THE CROOKED BRANCH
This novel is really two engrossing tales that work in concert and also stand on their own. The portion set in the present day is a realistic treatise on the difficulties of new motherhood and loneliness. The other is a fascinating exploration of a family struggling to survive the Great Irish Famine. Cummins’ well-researched, lively prose brings the two together into a bittersweet whole with a satisfying and emotional conclusion.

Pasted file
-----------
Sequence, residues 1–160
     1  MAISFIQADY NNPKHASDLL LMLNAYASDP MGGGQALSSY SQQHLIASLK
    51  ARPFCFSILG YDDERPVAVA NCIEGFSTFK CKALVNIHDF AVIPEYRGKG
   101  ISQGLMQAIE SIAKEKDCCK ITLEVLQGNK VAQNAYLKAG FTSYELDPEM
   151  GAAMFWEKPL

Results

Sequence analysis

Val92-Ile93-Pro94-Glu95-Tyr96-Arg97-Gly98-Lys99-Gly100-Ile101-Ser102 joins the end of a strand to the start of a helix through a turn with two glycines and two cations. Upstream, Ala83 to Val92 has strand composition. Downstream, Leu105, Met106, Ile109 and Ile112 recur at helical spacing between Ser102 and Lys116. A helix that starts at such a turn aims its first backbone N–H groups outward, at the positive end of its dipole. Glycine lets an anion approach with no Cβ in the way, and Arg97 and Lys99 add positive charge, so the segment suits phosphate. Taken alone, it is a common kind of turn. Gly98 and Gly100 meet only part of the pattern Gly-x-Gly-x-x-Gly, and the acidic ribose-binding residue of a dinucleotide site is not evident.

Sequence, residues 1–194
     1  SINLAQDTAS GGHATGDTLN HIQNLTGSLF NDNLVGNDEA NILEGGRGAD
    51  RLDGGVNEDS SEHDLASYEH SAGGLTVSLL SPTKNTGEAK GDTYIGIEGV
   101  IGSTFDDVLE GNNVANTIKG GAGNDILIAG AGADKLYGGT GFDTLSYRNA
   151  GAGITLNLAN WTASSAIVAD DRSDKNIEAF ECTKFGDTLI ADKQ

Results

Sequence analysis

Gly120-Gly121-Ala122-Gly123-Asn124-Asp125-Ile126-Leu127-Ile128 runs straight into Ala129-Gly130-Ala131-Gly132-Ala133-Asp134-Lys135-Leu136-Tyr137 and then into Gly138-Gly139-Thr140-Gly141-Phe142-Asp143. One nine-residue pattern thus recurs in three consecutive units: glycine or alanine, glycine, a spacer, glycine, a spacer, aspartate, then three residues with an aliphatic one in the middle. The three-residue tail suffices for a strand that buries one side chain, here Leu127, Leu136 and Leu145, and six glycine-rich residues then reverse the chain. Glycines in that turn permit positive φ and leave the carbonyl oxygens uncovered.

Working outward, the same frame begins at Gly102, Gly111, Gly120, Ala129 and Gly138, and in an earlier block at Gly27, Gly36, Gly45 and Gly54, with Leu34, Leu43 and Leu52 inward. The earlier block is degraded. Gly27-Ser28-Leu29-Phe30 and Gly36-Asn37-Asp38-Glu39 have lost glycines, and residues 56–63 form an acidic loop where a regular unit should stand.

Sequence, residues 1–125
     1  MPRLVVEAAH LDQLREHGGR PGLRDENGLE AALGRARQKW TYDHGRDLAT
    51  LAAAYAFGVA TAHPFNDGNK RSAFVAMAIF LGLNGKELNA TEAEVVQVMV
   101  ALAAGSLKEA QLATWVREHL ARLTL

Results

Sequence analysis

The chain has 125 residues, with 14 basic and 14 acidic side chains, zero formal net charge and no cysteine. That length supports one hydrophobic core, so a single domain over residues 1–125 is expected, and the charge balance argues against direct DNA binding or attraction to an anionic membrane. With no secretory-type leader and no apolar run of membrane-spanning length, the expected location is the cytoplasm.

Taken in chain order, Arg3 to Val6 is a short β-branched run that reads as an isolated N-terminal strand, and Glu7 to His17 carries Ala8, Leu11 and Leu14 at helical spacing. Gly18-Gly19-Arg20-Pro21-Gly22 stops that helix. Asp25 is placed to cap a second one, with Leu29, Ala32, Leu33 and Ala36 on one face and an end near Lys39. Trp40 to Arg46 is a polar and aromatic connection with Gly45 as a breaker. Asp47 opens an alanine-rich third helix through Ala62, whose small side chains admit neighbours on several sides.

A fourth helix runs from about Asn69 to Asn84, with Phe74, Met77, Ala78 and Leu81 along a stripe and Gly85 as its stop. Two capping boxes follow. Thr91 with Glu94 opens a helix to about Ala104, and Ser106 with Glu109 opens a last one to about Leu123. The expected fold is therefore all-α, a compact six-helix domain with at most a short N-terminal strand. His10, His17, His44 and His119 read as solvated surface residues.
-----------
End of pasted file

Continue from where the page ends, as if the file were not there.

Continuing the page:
Struggling with postpartum depression and insecurities, new mother Majella finds a diary written by her maternal ancestor Ginny, who fought to keep her family alive and bring a pregnancy to term during the Great Irish Famine. But when Majella discovers that Ginny killed someone, she becomes convinced that mental illness and bad motherhood run in the family. Majella investigates Ginny’s story further and learns surprising truths about herself and her own mother. (NAL, Mar., 384 pp., $15.00)